FIG. 2 compares the SEM photograph of cross-section of the composite membrane with that of a ethylcellulose membrane. A more porous structure and presence of the nanoparticles were revealed. The pores, originally occupied by the swollen particles, formed as the particles collapsed when they were dried prior to the measurement. Similarly, the pores were also formed at a higher temperature or lower pH when the particles deswelled. FIG. 3 shows that the swelling ratio of the composite membrane is a function of temperature and exhibits a transition at ˜35° C.

b) Measurement of contact angle

The contact angle (CA) of water on the membranes was measured using a goniometer (Model 100-00 Rame-Hart Inc.). The temperature in the sample chamber was controlled by a water bath (Haake D8). The samples were equilibrated for 5 minutes at various temperatures prior to the measurements. FIG. 4 shows that the increase in contact angle of distilled water on the composite membrane with temperature is more significant than that of control (ethylcellulose membrane). This implies the temperature-dependent surface hydrophobicity of the composite membrane.

Characterization of Stimuli-responsive Permeation of the Membranes

Permeation of solutes of various molecular sizes through the membrane was determined using a side-by-side diffusion cell. The solution in the receptor cell was pumped to a UV cell with a peristaltic pump. The amount of solute permeated was assayed by a diode array spectrophotometer (HP 8452A). The pH of the medium was adjusted either by addition of sodium hydroxide and hydrochloric acid.

a) Temperature-responsive permeation

FIG. 5 illustrates that permeability of acetaminophen across the composite membrane increases continuously with increasing temperature and experiences a drastic increase as temperature is raised from 30 to 40° C. This suggests a transition of permeability at ˜35° C. which is similar to the transition of the swelling ratio. The ratio of the permeability at 40° C. to that at 25° C. is about 2.6 times. Like acetaminophen, permeability of theophylline increased about 2.8 times. More significant change in permeability was observed for larger solutes such as vitamin B12. FIG. 6 depicts that almost negligible permeation of VB12 across the membrane into water at 25° C. compared with that at 40° C. In the presence of a bivalent salt, CaCl2, the permeation of VB12 was measurable. However, as shown in FIG. 7, its permeability at 45° C. was much higher, about 11-fold of that at 20° C. as calculated from the slopes of the curves. Macromolecules, e.g., chymotrypsin (MW 22,000), could not penetrate through the membrane at the studied temperatures.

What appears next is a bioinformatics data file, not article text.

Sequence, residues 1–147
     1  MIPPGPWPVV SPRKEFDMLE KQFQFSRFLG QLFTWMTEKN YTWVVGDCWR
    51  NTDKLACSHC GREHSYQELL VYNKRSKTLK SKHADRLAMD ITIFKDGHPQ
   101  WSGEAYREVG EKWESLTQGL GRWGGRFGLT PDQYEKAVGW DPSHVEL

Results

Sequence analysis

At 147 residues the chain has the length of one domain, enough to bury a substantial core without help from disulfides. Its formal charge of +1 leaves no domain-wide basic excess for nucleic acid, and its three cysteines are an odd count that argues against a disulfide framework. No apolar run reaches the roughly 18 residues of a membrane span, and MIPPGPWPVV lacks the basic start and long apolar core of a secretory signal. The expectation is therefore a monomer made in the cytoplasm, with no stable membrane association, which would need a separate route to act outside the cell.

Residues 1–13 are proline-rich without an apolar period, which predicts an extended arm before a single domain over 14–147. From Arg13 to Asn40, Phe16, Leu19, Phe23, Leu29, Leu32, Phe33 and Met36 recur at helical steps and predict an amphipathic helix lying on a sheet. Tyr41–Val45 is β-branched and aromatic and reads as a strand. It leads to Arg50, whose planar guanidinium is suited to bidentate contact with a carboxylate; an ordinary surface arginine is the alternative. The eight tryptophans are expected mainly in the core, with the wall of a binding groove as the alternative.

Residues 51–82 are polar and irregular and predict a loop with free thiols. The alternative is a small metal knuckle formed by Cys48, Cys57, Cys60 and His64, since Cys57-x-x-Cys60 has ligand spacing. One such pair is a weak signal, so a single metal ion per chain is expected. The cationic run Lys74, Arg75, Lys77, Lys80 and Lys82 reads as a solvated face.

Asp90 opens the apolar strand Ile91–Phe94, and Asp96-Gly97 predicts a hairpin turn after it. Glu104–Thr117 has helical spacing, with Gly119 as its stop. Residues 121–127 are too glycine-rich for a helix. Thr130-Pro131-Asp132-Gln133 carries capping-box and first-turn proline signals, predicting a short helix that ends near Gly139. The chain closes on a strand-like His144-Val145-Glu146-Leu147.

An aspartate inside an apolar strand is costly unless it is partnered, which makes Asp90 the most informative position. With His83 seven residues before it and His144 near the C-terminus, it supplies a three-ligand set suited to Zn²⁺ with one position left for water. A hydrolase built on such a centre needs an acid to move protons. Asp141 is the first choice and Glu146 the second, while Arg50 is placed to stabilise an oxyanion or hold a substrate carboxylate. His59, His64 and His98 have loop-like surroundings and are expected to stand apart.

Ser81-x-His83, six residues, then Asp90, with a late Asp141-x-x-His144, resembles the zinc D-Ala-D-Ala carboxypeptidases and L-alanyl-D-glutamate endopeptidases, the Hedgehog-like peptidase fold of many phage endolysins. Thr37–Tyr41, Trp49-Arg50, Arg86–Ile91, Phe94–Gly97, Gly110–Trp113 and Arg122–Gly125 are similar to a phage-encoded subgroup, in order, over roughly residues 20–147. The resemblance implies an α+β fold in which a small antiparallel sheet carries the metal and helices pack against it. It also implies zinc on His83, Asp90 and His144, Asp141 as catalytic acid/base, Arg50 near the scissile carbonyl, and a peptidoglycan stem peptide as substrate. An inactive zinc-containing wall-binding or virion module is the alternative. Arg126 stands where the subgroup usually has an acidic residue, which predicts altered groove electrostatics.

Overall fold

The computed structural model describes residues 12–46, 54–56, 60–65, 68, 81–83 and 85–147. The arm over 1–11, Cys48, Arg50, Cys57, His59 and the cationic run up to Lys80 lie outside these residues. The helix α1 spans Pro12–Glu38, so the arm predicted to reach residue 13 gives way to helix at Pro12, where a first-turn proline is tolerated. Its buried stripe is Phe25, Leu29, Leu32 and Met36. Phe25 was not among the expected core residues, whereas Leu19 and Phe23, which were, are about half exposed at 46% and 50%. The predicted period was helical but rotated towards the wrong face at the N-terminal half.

b) pH-responsive permeation

The permeability of theophylline at various pH and two different temperatures is illustrated in FIG. 8. A peak permeability at ˜ pH 6.25 is revealed at both temperatures, especially at 45° C. This implies that an increased permeation may be expected at a site of inflammation with a combination of hyperthermia and lower pH.

c) Dependence of permeation on ionic strength and divalent ions

FIG. 9 depicts that the permeability increment of theophylline as temperature is increased from 20° C. to 45° C. is reduced with increasing ionic strength. However, in the presence divalent ions, Ca+, the permeability increment is always higher than that with monovalent ions, K+. This observation suggests that the permeation is responsive to the divalent ions.

While the present invention has been described with reference to what are presently considered to be the preferred examples, it is to be understood that the invention is not limited to the disclosed examples. To the contrary, the invention is intended to cover various modifications and equivalent arrangements included within the spirit and scope of the appended claims.

All publications, patents and patent applications are herein incorporated by reference in their entirety to the same extent as if each individual publication, patent or patent application was specifically and individually indicated to be incorporated by reference in its entirety.

TABLE 1
Transition
temperature
Ability to close to No No leakage of Positive
Preparation control No reaction physiological purification responsive Mechanical response to
method pore size required temperature required component strength temperature